WYATT EARP was an icon of the American West. Both an outlaw and a lawman, he was the only man to walk away uninjured from the legendary Gunfight at the O.K. Corral in Tombstone, Arizona.
But he also attended family Passover Seders — and maybe even wore a yarmulke. Perhaps more tellingly, he is buried in the synagogue-affiliated Hills of Eternity Cemetery outside of San Francisco.
For almost 50 years Earp lived with a common-law wife who was Jewish. Her name was Josephine Sarah Marcus Earp and she was a colorful, remarkable, often confounding adventuress.
She was also mostly absent from history.
Then, earlier this year, Lady at the O.K. Corral: The True Story of Josephine Marcus by University Dean Ann Kirschner of Macaulay Honors College was published by Harper Collins. And with that, Kirschner lifted a woman who was emblematic of Americana out of the heap of obscurity.
“We finally have the definitive story of Josie Earp, a key player not only in the events leading up to and after the infamous shoot-out but in crafting much of the mythology that’s been widely accepted ever since,” writes Jeff Guinn, a respected Earp researcher.
A noted beauty as a young woman, Josephine journeyed as an actress from her family home in San Francisco and wound up in Tombstone where she met Earp.
Ultimately, she was a participant in and a witness to more than eight decades of crucial American history, including the Alaskan gold rush, San Francisco in the Gay Nineties and the coming-of-age of Hollywood.
And every so often she retreated with her fabled mate to life lived rough in the desert.
Before and after Earp’s death in 1929, Josephine was determined to tell his tale, warts deleted. In particular, she wanted to stay out of her husband’s story — and did not want anyone to know that Earp’s third mate descended into alcoholism and despair and then committed suicide. Josephine seems to have feared that it was her fault; Earp left that woman for her. She began to create a biographical trove for Earp that, although filled with myths and omissions, put her far ahead of her time as an image maker.
“I think that the ability to spin the legend of Wyatt Earp was what made her such a modern woman,” Kirschner says.
As a child in Jackson Heights, Queens, Kirschner watched television westerns with her older brother, Joey, who dressed up in cowboy gear when the shows came on.
“Joey was my hero,” she writes. “And Marshal Earp was his.” In a recent interview she added, “But I had a sense of having grown up with an incomplete picture of the frontier … there were no real women in it.”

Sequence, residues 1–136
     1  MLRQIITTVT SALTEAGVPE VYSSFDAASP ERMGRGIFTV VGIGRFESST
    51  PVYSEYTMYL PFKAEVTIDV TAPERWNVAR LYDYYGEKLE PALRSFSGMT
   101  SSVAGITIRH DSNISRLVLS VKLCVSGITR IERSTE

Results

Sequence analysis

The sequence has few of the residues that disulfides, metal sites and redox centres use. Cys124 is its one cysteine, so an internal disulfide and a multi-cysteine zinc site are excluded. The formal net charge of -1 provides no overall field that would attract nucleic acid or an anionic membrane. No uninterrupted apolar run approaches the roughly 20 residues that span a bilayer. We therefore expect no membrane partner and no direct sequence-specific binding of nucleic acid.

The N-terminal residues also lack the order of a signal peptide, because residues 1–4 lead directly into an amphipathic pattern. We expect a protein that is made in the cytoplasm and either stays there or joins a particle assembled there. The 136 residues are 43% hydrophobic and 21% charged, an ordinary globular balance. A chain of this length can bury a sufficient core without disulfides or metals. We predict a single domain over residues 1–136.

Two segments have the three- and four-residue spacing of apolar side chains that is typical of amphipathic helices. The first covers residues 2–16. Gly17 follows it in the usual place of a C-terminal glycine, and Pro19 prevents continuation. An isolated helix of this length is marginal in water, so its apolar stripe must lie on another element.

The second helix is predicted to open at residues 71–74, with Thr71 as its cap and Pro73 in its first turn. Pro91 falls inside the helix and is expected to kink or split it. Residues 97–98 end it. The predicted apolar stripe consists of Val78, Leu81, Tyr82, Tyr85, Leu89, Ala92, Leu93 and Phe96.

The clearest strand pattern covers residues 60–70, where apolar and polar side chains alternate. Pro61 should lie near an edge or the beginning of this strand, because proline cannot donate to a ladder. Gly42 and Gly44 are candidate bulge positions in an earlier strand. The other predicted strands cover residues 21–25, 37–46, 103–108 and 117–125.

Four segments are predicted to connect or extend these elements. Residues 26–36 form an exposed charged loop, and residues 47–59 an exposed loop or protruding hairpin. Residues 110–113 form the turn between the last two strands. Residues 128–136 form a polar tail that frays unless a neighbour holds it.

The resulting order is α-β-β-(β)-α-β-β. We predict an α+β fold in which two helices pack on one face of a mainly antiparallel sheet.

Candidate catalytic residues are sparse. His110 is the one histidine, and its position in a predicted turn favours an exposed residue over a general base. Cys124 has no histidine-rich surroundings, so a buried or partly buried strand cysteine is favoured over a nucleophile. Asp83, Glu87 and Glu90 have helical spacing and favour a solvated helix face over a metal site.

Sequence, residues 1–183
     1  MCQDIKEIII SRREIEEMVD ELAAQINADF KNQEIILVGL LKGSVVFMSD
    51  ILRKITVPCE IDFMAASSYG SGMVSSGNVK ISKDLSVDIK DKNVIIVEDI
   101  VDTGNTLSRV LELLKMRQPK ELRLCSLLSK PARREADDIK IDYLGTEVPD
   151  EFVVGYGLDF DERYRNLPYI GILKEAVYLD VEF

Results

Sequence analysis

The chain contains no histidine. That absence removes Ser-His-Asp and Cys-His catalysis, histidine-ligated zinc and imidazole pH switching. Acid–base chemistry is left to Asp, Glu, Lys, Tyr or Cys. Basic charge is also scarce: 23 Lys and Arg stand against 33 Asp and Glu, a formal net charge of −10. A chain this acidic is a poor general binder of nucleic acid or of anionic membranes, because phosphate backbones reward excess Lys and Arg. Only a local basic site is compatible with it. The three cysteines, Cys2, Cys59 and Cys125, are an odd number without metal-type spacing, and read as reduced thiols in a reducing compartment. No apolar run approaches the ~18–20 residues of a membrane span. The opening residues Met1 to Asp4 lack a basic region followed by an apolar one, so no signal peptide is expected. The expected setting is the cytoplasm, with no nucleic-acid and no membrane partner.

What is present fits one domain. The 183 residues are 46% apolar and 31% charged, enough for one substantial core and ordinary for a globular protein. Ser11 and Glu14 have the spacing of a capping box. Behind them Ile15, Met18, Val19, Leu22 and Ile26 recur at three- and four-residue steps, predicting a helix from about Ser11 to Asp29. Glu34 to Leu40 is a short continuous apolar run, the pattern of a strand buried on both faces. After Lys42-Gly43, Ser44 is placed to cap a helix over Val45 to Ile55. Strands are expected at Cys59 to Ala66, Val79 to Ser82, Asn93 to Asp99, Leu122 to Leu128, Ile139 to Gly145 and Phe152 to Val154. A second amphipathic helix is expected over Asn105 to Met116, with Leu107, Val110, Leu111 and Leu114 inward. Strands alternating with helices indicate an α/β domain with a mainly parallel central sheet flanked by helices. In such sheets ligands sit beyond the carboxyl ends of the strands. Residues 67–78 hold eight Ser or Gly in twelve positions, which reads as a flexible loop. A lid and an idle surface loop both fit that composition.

Surprised by a friend’s comment that Wyatt Earp is in a Jewish cemetery, Kirschner learned about Josephine — buried next to him — and was inspired to write the book. “Josephine’s Jewish background was the spark for the book,” she agrees. Kirschner’s first book, Sala’s Gift, describes her mother’s experience in Nazi labor camps during World War II.
“But her religion did not turn out to be a major factor in Josephine’s life,” Kirschner says. “Had I wanted to write a book just about Josephine as a Jewish woman, I would have been mightily disappointed … She didn’t hide her Jewish background. She was just indifferent to it …. Yet, at the greatest crisis of her life — Wyatt’s death, she turned back to her Jewish roots and buried him next to her parents.”
To research the book, Kirschner enlisted the assistance of her students, now graduates. To help shape her vision of Josephine, she discussed her research with them. They were her sounding boards. And in turn the students learned how authors write books.
“I had one of the most memorable weekends of my life working with Ann,” says graduate Dan Blondell, now the content manager at the Central Park Conservancy. “We went to Massachusetts to view a never-before analyzed and barely read archive of Josephine’s letters … research is detective work.”
About her writing process, Kirschner says she has never taken a leave to write her books. She sometimes researches while traveling, writes in the early mornings and on vacations. As for her next book, she says she’s waiting to feel “an itch. Books are like mosquito bites. They itch. It’s not there yet.” Nothing yet to compete with the story of Josephine Sarah Marcus Earp, which the University dean calls “a magnificent obsession.”